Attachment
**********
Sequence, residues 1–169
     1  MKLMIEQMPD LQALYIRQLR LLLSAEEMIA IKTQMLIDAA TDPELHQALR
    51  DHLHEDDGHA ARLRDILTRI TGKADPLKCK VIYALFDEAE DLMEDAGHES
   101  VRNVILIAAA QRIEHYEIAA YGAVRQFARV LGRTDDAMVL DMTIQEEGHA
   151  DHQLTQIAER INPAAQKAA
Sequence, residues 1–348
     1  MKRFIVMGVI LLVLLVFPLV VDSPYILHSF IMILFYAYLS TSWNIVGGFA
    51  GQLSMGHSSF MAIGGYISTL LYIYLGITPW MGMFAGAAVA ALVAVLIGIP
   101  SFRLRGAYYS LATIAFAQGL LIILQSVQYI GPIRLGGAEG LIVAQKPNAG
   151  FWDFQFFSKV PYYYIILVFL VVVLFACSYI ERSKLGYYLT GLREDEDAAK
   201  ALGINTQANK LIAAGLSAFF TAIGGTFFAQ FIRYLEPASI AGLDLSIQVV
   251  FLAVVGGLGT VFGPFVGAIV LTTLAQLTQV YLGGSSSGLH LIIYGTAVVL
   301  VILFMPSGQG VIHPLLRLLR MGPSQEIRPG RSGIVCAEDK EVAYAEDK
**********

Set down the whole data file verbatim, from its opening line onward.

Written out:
Sequence, residues 1–169
     1  MKLMIEQMPD LQALYIRQLR LLLSAEEMIA IKTQMLIDAA TDPELHQALR
    51  DHLHEDDGHA ARLRDILTRI TGKADPLKCK VIYALFDEAE DLMEDAGHES
   101  VRNVILIAAA QRIEHYEIAA YGAVRQFARV LGRTDDAMVL DMTIQEEGHA
   151  DHQLTQIAER INPAAQKAA
Sequence, residues 1–348
     1  MKRFIVMGVI LLVLLVFPLV VDSPYILHSF IMILFYAYLS TSWNIVGGFA
    51  GQLSMGHSSF MAIGGYISTL LYIYLGITPW MGMFAGAAVA ALVAVLIGIP
   101  SFRLRGAYYS LATIAFAQGL LIILQSVQYI GPIRLGGAEG LIVAQKPNAG
   151  FWDFQFFSKV PYYYIILVFL VVVLFACSYI ERSKLGYYLT GLREDEDAAK
   201  ALGINTQANK LIAAGLSAFF TAIGGTFFAQ FIRYLEPASI AGLDLSIQVV
   251  FLAVVGGLGT VFGPFVGAIV LTTLAQLTQV YLGGSSSGLH LIIYGTAVVL
   301  VILFMPSGQG VIHPLLRLLR MGPSQEIRPG RSGIVCAEDK EVAYAEDK